Most members of Congress appear to know two things about China’s relationship with the United States: We buy a lot of their stuff, and they buy a lot of our debt. A few members even seem to understand the connection between the two: Put simply, China takes the money it makes selling us cheaply manufactured goods and lends it back to us at a low rate of interest. But most members of the House either don’t understand that connection or don’t care, because they passed a bill last week aimed at raising the price of the products we buy from China, on the theory that doing so would bring manufacturing jobs back to the United States. Would it?
In a word, no. Advocates of this policy have, wittingly or not, bought into a myth about why we import so much stuff from China. According to the myth, China is outcompeting us on the manufacturing front because it keeps its currency, the renminbi, artificially undervalued, thus making its exports cheaper in dollar terms than they should be. But how do these advocates know what the renminbi should be worth? Well, they know it should be worth more than it is: China’s decision to recycle the dollars we spend on their exports — using those dollars to buy U.S. Treasury bonds — keeps the value of the renminbi low and stable relative to the dollar. If the Chinese followed the more conventional approach of converting those dollars into their own currency, then its value would appreciate because of the increase in demand for renminbi. This would — theoretically — make the stuff we import from China more expensive in dollar terms and the stuff we sell to them relatively cheaper.
This would — again, theoretically — create jobs in the United States, because the Chinese would buy more of our exports and, less plausibly, corporations would source more of their low-value-added manufacturing in the United States. The theory breaks down, however, when one considers that what we buy from China and what we sell to China are very different things. Consider the facts: Over the last decade, as U.S. manufacturing employment fell, U.S. manufacturing output went up, indicating a shift from low-value-added to high-value-added manufacturing. Unemployment remained low as workers migrated to the service sector, while low-value-added manufacturing moved overseas — not just to China, but to other developing countries where lower costs vis-à-vis U.S. manufacturers offered a comparative advantage. If China’s currency policy has given it any trade advantage at all, it has mostly been an advantage over other low-wage countries that export to the United States.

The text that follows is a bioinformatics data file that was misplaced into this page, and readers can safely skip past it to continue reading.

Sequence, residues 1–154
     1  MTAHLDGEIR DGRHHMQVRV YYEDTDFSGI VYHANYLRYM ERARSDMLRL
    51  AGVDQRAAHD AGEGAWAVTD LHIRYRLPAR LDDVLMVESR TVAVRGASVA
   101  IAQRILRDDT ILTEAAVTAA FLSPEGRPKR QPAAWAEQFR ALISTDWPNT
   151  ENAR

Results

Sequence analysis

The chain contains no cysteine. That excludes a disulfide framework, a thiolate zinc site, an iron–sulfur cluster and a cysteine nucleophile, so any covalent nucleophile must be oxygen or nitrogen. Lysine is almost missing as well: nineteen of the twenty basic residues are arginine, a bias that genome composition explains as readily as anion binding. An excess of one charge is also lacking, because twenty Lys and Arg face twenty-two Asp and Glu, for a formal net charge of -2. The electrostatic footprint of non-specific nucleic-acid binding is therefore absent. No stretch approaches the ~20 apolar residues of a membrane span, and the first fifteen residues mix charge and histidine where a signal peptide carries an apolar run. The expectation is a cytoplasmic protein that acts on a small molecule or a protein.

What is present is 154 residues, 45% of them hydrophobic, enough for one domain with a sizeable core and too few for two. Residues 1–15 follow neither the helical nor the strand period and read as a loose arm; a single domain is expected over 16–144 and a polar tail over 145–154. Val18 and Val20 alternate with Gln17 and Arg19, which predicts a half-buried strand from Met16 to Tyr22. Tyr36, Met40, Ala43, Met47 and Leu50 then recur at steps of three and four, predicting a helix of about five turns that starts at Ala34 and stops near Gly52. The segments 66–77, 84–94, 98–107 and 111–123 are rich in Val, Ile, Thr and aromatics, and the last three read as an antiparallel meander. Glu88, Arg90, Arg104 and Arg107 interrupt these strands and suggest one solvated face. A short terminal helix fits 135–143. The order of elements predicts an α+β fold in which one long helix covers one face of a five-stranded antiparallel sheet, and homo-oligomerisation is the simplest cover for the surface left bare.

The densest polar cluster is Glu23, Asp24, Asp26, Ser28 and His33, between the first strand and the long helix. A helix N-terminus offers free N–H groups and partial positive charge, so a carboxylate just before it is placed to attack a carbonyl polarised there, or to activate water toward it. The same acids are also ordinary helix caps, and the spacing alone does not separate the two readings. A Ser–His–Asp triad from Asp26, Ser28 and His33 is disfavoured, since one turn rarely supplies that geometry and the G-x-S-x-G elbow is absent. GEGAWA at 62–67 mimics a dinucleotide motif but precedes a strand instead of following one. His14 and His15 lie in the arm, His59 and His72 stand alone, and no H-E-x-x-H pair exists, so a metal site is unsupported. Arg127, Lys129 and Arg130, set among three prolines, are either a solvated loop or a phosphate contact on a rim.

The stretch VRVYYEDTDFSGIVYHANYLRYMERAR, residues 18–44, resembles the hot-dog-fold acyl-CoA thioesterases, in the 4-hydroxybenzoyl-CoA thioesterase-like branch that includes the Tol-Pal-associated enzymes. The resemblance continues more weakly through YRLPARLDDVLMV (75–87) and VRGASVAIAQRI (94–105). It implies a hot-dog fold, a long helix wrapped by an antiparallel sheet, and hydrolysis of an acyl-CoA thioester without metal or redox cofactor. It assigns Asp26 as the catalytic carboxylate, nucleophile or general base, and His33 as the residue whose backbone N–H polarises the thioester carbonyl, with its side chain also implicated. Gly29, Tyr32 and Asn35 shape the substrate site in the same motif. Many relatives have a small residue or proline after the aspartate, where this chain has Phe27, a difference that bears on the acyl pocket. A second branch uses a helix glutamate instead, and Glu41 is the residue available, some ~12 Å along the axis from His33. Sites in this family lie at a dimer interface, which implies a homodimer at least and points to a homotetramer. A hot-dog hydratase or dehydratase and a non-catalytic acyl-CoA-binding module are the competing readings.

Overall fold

A crackdown on China would be a full-employment plan for other developing countries: Unless we hit them all with tariffs, it would probably not create a single low-skilled job here. It might destroy a few, however, as retailers would be forced to make costly adjustments and establish new lines of trade with Vietnam and Bangladesh. How about exports? Here the case is a bit more plausible, but only a bit: Demand for the kind of high-value-added manufactured products that the Chinese buy from us — airplanes from Boeing, construction equipment from Caterpillar — will not be much affected. The manufacturers of those products are much more worried about the possibility of a trade war with China than they are about the value of the renminbi: Just ask them.
Meanwhile, the effects of actually enacting sweeping tariffs on Chinese imports are unknowable: If China decided to defy the sanctions and refused to let its exchange rate float, then we suspect the Chinese government would impose retaliatory countermeasures, leading to widespread layoffs at the aforementioned U.S. exporting concerns. If, on the other hand, China succumbed to the pressure to let its currency appreciate, then its own export-oriented businesses would be forced to cut back as they lost business to manufacturers in other low-wage countries. It’s hard to imagine that the consequences for China — social upheaval, economic ruin, and rampant speculation as financiers took advantage of the suddenly floating exchange rate — would be good for a United States interested in international economic accord and global stability. The consequences could be more pedestrian, though contrary to the intentions of Congress: The Cato Institute’s Dan Ikenson has pointed out that the Chinese let the renminbi appreciate by over 20 percent between 2005 and 2008, and the U.S. trade deficit with China continued to increase.
All this is to say nothing of what might happen to the other side of the equation: What happens to long-term interest rates if China stops lending us our own money back? This question raises another one: At a time when the Federal Reserve has more than doubled its balance sheet — when the dollar is taking a beating and the gold price is spiking as the central bank contemplates further monetary easing — what right does the United States have to call anyone else a currency manipulator? Having discovered that we cannot borrow and spend and print our way out of our own past policy mistakes (and lacking the political will to give the private sector room to breathe by cutting spending and taxes), the U.S. government is desperate for something else to boost the economy, and a growing number of policymakers appear to have decided that we must export our way out of the crisis. Thus our ultimatum to the Chinese: Save us at your own expense, or else! That is a disgraceful admission of weakness, and a fitting coda for one of the worst Congresses in recent memory.